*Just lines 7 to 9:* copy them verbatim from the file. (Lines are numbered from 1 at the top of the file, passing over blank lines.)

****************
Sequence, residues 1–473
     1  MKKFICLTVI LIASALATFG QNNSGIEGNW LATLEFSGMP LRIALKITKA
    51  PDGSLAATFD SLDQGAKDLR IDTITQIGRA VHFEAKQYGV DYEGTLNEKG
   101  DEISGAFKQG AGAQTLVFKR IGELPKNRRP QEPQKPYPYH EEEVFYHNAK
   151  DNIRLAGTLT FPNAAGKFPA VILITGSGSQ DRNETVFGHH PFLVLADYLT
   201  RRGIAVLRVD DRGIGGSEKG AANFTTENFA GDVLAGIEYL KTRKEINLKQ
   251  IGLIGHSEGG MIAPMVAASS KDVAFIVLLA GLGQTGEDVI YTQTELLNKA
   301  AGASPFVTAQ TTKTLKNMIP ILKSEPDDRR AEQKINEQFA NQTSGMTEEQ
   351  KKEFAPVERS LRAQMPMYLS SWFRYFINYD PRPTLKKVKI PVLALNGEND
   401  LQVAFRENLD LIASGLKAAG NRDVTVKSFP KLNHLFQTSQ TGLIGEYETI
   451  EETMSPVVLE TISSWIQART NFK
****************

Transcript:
   251  IGLIGHSEGG MIAPMVAASS KDVAFIVLLA GLGQTGEDVI YTQTELLNKA
   301  AGASPFVTAQ TTKTLKNMIP ILKSEPDDRR AEQKINEQFA NQTSGMTEEQ
   351  KKEFAPVERS LRAQMPMYLS SWFRYFINYD PRPTLKKVKI PVLALNGEND